Regarding the transparency of PNG files…. IrfanView can make PNGs with transparency, but I don’t know about how it handles the alpha channel part. It may be true that the PNG transparency issue may be a browser problem, but 70% or so of my web traffic uses that browser, so I am forced to choose a technology not because of its capabilities, but because of those of supporting technologies.

    I’d rather use all PNGs, because they seem cleaner to me. Since I redesigned my web site a couple years ago to use a white background, I have not needed transparency around the edges of my images to blend into the pale yellow background I once used. This renders the transparency issue moot, so I use mostly PNGs now.

  13. I just learned far more than I needed to know about image files :)

    What I was referring to by “validation” was to check the filename for invalid characters, like ? or \. You never know what someone will try to type.

    ps- I stumbled this post yesterday and I also stumbled the “Indispensable Excel Utilities” post on May 9th. =)

    –JP

  14. Oh yeah, invalid characters. Well, my users never do anything like that. I wish.

    I redesigned the chart export procedure to use GetSaveAsFileName, and it’s much more useful. I think I’ll post it next week in a follow up.

  15. I would agree about passive movies, but I’d like to make an argument for the use of stepping frames back and forward, as a neglected technique in visual business intelligence, using the example of Clyde Tombaugh discovering Pluto.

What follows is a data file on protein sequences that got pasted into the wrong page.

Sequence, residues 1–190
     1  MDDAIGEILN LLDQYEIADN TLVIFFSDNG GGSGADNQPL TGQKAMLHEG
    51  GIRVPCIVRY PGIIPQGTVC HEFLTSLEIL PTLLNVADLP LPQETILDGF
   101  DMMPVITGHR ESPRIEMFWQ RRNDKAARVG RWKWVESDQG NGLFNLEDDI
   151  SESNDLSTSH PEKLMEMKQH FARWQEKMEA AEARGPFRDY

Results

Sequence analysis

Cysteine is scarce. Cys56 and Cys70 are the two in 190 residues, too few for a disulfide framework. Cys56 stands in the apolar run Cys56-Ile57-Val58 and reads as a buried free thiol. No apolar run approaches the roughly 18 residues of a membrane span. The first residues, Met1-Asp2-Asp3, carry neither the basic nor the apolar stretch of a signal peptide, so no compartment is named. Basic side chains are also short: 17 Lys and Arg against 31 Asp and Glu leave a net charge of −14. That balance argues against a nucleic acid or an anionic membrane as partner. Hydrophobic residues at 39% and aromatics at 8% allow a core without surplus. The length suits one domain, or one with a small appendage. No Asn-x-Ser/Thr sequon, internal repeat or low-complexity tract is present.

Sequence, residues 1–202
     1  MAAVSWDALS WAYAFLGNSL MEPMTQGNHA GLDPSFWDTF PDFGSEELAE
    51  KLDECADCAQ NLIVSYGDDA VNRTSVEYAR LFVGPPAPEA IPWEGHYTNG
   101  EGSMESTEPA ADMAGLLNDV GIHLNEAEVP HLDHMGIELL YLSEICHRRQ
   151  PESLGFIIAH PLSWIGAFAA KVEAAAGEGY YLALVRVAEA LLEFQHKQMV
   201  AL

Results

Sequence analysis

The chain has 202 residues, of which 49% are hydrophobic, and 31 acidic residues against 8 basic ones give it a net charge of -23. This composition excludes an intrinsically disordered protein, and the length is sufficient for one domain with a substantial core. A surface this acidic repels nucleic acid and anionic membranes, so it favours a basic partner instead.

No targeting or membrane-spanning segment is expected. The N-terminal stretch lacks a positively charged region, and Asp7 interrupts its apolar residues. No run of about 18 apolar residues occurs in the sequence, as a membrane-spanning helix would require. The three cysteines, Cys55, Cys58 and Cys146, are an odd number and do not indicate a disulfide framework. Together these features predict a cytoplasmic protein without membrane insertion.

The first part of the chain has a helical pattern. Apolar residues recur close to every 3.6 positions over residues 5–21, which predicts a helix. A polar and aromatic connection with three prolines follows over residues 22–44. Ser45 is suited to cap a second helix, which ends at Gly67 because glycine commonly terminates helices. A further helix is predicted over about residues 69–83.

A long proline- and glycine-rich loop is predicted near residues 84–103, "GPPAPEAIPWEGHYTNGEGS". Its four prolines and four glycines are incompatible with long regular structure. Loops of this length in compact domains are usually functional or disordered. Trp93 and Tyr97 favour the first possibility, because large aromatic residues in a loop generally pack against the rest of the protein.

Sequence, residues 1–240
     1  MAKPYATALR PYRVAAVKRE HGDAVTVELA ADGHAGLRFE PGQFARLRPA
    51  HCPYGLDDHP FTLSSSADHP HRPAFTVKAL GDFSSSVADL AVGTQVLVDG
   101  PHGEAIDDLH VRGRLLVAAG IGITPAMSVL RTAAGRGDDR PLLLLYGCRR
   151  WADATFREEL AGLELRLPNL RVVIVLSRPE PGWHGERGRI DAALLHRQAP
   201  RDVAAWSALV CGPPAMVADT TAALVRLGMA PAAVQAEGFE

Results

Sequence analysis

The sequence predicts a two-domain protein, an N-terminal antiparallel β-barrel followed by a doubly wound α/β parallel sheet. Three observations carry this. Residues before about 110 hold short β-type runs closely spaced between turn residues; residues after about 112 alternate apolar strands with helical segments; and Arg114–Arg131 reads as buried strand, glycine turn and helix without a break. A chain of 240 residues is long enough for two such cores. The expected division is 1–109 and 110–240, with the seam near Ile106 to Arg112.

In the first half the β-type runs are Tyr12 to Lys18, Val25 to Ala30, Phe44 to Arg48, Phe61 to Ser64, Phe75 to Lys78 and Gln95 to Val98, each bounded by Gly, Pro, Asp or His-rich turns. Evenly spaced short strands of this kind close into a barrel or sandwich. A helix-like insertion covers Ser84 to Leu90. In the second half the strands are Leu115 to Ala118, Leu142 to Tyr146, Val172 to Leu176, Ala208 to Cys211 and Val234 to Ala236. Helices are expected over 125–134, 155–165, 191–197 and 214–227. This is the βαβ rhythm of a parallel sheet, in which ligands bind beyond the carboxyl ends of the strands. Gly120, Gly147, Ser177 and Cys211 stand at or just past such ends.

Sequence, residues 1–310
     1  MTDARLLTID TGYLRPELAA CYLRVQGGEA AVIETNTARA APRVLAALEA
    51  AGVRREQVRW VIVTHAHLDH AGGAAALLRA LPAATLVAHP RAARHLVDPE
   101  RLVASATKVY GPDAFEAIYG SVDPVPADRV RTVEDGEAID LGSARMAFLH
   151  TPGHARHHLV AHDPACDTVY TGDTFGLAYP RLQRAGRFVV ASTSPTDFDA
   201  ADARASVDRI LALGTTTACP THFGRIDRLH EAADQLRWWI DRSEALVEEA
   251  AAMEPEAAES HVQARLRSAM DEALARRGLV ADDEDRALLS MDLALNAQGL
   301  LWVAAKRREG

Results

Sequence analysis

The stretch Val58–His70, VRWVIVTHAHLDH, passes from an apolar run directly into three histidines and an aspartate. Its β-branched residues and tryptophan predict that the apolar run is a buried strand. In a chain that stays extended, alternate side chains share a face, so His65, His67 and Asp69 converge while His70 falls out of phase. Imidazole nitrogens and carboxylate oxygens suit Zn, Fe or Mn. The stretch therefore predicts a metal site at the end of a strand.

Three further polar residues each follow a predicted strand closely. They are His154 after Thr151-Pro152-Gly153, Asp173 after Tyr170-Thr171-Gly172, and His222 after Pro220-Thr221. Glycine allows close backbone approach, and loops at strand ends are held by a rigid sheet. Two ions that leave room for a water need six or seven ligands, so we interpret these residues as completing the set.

Tombaugh, like astronomers before and after him, used a “blink comparator”, a device for lining up two photographic plates taken on different days, and flicking between them. With this he was able to examine a plate containing thousands of dots, which did not move from frame to frame, to pick out the one which did. I think such techniques ought to be used more in the sort of applications that mine data for insights, like Spotfire (if it does not already do so, oops on me if it does).

    If I remember right, Hans Rosling is able to do this in his bubble charts, though I seem to remember the Google implementation was disappointingly uncontrolled: when I set the movie going, I was in for the ride from beginning to end at a fixed speed until it was over. Not what I want from animated VBI, thanks.

  16. I’ve animated this kind of thing in Excel using a scrollbar to control stepping through the data. The scrollbar actually changes an index, and each series, or at least the one important series, uses an OFFSET, INDEX, or other formula that ratchets along based on the index. This might make a good post….

  17. It’s very funny you should say that, because I was going to comment on your green label in the “Category Axis Tricks for Line and Area Charts – 1” post, about how you presumably had a third formula there. Since I had it set up, I idly gave it a spinner, then came back to find this comment of yours.

    There’s also a Juice Analytics article like that which I recommend to everybody, called Why make 100 charts when one will do?.

    My idea of a great bit of standalone graphic facility would be to be able to embed a multipage GIF in a web page, and know that everyone could page back and forth through it using their own browser.

  18. Derek –

    I had that third formula in my version of the workbook, and another series in my version of the chart, with no lines or markers, just data labels showing the category label.

    The Juice article is a good one. I also like the Main Effects Plot, though its key is more interaction than animation.

    I don’t think I’m quite ready to try the multipage GIF or other approaches to put this on the web.